It was a fall day in the late seventies when my parents and I sat in a hospital room in the Bascom Palmer Eye Institute. The doctors who had just completed tests on my eyes were explaining what it meant to have Retinitis Pigmentosa. They described how I would slowly lose my remaining sight and eventually be totally blind. My mind was racing and my heart was a well of confusing emotions. I was silent in that hospital room on that day. But, a few days later at my next visit, I wish I had been silent.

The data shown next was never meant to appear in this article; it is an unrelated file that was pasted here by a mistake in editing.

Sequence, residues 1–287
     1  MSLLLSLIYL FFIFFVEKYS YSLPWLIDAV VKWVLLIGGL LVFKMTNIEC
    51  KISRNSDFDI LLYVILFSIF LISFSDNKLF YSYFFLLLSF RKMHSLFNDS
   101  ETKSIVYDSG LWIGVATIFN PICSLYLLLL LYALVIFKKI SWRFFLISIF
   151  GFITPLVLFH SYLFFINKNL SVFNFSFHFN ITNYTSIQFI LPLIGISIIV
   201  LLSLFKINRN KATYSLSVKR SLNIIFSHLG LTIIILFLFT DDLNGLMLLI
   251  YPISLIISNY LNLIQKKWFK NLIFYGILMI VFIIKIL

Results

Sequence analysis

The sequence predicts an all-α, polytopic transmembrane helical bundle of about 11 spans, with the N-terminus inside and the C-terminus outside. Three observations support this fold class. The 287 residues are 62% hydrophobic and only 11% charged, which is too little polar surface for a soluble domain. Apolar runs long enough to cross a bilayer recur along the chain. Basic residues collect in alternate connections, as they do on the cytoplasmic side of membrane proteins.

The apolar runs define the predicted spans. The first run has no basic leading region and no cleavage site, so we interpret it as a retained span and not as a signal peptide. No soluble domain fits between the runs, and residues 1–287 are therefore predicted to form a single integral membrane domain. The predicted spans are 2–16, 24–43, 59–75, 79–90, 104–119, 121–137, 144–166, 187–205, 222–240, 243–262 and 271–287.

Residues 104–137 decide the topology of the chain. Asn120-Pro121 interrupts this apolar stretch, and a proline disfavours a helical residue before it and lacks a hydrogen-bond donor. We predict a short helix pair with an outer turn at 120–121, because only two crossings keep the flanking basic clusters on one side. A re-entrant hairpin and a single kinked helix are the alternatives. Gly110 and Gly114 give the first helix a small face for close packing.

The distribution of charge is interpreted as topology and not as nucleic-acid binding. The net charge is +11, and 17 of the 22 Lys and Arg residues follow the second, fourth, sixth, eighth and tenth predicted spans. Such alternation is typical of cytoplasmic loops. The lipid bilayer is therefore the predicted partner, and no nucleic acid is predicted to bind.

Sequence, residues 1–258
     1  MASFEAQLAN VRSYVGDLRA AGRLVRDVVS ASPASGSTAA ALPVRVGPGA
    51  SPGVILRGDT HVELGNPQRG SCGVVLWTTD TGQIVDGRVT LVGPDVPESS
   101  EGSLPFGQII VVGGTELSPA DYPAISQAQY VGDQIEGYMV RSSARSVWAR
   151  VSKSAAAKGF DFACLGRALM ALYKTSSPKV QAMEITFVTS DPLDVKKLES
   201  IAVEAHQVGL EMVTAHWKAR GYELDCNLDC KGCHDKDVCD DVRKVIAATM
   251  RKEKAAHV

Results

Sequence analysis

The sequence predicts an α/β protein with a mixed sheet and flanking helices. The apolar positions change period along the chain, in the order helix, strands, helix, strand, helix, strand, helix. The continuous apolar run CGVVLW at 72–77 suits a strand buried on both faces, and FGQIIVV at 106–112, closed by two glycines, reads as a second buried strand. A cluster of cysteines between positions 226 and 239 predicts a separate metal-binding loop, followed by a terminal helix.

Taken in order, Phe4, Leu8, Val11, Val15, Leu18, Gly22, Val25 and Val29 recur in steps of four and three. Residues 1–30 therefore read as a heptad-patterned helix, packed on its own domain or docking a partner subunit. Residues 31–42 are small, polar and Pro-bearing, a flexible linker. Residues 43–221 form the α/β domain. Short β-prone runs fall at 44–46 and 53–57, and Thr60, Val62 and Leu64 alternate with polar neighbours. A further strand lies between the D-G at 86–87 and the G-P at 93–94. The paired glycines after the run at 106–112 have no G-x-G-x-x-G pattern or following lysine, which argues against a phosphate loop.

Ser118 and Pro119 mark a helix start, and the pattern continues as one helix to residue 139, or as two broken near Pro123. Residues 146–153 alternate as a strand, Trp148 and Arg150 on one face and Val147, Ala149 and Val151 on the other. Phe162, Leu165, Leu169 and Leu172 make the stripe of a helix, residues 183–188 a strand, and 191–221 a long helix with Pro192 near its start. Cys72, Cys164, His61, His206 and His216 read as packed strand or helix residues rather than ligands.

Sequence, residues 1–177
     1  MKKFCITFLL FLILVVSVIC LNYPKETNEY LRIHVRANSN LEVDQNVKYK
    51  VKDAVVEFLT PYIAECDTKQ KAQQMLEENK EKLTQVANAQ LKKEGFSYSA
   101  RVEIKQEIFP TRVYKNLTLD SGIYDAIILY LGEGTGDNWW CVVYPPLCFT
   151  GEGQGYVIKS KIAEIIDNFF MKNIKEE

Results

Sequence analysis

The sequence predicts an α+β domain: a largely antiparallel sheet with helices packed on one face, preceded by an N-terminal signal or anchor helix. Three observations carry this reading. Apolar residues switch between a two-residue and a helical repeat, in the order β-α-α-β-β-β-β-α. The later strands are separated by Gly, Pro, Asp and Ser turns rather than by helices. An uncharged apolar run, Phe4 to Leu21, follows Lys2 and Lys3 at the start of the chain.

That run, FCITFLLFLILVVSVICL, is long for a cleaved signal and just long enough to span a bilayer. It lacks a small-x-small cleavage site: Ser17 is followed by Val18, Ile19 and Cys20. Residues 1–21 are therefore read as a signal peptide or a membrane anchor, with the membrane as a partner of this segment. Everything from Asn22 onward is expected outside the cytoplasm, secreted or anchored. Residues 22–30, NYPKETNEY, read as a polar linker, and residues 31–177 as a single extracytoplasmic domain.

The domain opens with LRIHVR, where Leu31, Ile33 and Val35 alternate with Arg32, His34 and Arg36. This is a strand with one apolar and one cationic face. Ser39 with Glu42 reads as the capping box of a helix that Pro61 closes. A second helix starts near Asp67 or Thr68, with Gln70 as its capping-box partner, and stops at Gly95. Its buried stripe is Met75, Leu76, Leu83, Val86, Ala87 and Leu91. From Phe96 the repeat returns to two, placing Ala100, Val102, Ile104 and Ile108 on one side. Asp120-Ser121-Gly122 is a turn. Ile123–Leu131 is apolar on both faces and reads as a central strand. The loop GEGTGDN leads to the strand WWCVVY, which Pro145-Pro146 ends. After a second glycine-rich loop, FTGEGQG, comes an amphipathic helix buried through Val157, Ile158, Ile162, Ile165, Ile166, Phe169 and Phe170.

We went back to the same room with some of the same doctors and this time it was to get me on a rehabilitative program. One of the doctors described how some large, very thick magnifying glasses might help with the little vision I still had; another discussed the possibility of walking with a cane. Another told me how important it was for me to have an oversized magnifying glass and advised I use a flashlight to find my locker at school.